No mail in from you this week of course under the new fortnightly show, and I see that the letter mails leaving London on 31st May & parcel mails of 24th of May have been “lost at sea” as the official wording is. Sickening is’nt it, I think it’s the mail after next, as I got letters dated 7th by last mail, so we ought to get 24th May letters next mail, but after that I’m afraid we’ll have to go a whole month without any.
No news much here. Everyone seems to be on the move nowadays, up river, so I expect we shall get our orders shortly. Meanwhile we are very comfy here, though we have had one or two real big days of wind and dust, and it has been hottish, 107 or 108 every day on an average in our tents. The last 2 days have been quite still with no wind; it does away with dust of course, but it makes it a wee bit hotter.
We had a wonderful eclipse of the moon last night, a total one, lasting about 2 hours. I had’nt noticed it in my diary though I see now it is down there. Of course we saw it soon enough as soon as it began at about 11 p.m. as the moon was full, and in about ½ hour or ¾ hour it was entirely blotted out, and only glowed a dull crimson like a cinder, a most impressive sight. It stayed like that for about 2 hours or so & then got all right again. I’ve never seen such a good eclipse and of course we had a splendid view of it. I was sleeping out in the open, as I always do nowadays, and kept on waking up & having a look at the show.
I’ve not been very grand these last few days, “liver” I think the doctor has put it down as; but he has treated me with various dopes and things & I’m ever so much better now, in fact practically well again. In these hot climates I suppose one has a day off occasionally.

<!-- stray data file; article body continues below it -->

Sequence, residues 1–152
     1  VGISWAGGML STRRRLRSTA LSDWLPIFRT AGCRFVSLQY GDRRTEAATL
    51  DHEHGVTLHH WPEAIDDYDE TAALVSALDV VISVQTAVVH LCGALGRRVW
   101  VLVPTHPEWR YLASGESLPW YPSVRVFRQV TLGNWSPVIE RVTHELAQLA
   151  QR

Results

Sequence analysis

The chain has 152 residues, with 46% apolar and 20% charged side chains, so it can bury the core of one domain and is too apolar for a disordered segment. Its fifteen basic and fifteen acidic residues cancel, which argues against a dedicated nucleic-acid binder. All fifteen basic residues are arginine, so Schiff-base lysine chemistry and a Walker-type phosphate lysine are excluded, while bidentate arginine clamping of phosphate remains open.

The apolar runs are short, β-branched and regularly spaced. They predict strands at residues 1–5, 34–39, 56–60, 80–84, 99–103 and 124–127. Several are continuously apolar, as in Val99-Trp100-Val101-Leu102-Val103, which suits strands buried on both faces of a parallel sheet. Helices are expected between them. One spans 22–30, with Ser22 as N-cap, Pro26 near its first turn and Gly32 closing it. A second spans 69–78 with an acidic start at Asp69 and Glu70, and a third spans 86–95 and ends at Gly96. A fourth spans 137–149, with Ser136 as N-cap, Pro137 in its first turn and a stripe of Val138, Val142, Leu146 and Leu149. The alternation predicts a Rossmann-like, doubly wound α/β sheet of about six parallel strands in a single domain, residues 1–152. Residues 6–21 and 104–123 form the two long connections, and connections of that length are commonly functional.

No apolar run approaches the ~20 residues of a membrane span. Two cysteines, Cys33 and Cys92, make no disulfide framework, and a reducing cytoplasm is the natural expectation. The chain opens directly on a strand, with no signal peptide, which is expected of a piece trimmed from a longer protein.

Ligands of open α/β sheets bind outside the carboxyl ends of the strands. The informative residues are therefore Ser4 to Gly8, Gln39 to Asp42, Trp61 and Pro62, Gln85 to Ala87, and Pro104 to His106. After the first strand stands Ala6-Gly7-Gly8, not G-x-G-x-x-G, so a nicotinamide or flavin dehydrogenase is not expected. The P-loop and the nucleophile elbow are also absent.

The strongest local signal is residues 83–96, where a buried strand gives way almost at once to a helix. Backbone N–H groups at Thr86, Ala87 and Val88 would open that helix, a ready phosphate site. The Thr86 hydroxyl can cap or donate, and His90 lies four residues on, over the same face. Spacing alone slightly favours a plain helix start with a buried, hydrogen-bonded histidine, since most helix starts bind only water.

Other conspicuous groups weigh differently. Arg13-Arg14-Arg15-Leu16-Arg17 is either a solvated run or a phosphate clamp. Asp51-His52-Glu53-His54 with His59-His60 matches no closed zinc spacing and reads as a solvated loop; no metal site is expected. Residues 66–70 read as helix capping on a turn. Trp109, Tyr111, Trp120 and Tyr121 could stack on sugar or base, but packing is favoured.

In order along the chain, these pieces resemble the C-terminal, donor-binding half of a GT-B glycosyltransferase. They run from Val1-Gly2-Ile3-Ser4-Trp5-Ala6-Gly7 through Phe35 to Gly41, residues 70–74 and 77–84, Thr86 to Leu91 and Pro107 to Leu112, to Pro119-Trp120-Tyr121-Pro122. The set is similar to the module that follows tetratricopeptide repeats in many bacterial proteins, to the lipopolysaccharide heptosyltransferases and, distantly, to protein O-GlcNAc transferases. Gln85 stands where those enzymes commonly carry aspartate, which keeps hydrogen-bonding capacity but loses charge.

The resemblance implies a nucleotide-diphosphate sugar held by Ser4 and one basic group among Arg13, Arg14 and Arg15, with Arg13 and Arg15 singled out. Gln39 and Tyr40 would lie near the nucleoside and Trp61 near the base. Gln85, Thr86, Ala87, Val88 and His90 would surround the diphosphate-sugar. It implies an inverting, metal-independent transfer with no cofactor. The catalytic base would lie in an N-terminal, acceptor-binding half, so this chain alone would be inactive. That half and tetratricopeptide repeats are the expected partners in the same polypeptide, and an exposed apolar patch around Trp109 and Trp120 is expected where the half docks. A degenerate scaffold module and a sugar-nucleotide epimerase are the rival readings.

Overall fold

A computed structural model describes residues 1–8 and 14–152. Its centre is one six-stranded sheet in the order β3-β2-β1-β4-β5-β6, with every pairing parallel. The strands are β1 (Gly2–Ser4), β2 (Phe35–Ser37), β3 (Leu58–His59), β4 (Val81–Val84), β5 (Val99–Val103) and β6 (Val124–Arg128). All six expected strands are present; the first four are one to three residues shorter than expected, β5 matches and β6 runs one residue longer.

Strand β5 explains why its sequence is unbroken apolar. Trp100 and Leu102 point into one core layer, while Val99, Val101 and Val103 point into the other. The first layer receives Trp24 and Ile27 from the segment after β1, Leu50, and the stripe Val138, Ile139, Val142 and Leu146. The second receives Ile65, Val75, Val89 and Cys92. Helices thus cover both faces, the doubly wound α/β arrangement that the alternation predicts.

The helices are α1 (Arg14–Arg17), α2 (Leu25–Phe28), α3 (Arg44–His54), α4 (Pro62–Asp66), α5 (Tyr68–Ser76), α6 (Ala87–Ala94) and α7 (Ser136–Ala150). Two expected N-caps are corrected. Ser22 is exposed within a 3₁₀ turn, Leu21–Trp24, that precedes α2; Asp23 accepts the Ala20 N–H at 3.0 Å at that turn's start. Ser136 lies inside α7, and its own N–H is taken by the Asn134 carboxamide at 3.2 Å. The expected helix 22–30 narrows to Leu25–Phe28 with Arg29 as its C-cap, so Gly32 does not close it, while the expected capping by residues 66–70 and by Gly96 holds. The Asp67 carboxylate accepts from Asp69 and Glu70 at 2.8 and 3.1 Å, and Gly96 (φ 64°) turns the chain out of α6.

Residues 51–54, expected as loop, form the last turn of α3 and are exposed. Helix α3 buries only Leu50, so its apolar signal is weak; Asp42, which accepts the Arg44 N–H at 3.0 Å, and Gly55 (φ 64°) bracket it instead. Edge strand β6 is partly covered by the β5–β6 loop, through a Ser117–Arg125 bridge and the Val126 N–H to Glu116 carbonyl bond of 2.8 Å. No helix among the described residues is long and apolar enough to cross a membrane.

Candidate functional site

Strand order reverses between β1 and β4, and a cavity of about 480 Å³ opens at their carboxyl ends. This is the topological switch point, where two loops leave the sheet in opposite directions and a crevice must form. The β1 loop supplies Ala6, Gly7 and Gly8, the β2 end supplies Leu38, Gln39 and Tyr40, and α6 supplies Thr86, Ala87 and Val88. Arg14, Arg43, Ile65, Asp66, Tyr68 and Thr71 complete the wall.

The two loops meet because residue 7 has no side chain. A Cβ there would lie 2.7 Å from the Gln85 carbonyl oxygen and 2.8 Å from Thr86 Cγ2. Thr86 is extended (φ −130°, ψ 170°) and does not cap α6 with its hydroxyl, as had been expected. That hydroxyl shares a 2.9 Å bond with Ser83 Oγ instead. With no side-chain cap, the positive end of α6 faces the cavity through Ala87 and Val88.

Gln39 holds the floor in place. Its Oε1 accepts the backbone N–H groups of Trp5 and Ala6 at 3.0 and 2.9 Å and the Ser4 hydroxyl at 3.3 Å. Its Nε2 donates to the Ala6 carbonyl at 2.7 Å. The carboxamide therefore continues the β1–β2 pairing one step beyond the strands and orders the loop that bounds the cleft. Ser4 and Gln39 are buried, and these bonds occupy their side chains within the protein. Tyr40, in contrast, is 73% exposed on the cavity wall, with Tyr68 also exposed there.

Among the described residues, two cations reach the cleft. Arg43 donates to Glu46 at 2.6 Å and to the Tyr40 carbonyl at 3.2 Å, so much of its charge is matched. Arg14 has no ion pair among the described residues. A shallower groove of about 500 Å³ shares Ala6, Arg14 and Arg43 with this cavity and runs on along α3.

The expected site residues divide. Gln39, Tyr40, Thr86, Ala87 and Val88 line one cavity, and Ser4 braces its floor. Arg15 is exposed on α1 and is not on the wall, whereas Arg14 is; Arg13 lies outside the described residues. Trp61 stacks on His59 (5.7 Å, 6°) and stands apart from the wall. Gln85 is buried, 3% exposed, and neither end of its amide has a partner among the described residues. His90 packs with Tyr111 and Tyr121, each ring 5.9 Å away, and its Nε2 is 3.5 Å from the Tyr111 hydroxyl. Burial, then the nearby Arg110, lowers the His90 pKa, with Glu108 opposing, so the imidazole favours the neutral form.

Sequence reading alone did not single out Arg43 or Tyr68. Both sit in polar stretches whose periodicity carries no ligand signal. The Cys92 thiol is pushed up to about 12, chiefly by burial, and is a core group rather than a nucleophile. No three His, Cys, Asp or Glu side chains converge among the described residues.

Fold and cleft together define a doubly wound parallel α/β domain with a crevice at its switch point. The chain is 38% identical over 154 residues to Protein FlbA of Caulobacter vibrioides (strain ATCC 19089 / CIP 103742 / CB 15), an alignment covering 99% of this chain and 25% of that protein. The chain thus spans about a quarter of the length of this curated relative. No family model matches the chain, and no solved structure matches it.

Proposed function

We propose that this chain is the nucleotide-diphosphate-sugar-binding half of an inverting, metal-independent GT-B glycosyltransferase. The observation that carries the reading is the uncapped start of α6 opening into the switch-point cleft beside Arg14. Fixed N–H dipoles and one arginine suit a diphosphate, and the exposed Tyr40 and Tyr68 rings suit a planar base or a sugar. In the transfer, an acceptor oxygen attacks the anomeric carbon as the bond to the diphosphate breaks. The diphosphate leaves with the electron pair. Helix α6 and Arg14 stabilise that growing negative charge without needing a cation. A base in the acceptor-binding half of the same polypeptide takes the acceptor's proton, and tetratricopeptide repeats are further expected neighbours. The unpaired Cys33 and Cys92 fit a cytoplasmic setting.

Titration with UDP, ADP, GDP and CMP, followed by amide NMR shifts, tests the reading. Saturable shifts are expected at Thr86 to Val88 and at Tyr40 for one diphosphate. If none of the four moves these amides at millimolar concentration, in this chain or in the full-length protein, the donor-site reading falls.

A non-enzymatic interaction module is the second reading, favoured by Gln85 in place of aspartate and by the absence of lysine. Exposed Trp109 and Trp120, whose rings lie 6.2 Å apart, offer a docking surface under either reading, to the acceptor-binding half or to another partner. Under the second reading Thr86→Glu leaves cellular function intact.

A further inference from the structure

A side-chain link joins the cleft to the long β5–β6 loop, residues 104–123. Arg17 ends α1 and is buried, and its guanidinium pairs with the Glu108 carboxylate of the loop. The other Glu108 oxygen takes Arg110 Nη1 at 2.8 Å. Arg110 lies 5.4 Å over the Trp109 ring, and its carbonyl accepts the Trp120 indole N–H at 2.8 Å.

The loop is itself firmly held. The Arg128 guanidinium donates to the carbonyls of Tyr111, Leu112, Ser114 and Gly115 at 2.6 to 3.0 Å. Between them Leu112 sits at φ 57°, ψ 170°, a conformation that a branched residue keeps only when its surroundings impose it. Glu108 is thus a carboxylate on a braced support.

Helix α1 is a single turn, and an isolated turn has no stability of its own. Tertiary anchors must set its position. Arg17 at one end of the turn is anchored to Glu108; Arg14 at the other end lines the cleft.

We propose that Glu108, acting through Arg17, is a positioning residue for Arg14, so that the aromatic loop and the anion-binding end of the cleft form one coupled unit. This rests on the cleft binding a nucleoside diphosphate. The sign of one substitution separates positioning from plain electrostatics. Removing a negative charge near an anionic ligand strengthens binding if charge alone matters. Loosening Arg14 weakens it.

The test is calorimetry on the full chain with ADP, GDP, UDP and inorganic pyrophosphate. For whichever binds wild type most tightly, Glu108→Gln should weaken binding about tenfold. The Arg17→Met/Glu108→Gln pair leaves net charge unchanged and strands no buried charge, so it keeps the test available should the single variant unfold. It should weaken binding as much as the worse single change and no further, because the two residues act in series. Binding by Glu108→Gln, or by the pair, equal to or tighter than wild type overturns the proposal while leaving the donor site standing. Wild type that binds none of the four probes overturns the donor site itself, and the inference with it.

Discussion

We had some swimming sports here the other day for the men, who, as I have told you I think, spend most of the day bathing and we thought we would encourage them by having a few sports, especially for those who have learnt to swim here. The diving was most amusing, as our men are not natural divers, & have only learnt a bit here under our instruction, so you can imagine their efforts off our spring board were amusing to say the least of it.
There seems to be a bit of a lull in France now at the time of writing. What a wonderful show that Messines business must have been, with 19 mines going up, & what a tremendous success it was. On the whole things seem to be going well; the submarine figures are keeping fairly low and level, Russia appears to be going to do an advance, & America’s help in money ships & aeroplanes should be of inestimable value. And perhaps our Salonika army may be able to move more freely now Greece is out of it. But by the time you get this I expect lots of things will have happened so it’s not much good speculating.
The flies seem to have got worse here in the last few days, I spent most of the day swatting them in my tent. They were’nt so bad at first, but seem to have got worse lately.
No news of my socks from the G.O.C! so I expect he’s bagged em himself. However praps I’ll be seeing him in a week or two, though of course I should’nt dare ask him about them!
I’m writing this before breakfast & it looks like another warmish day as there is’nt a breath of wind, though it may get up later of course; I trust it will.
Must end up now. Best love to all
yr loving son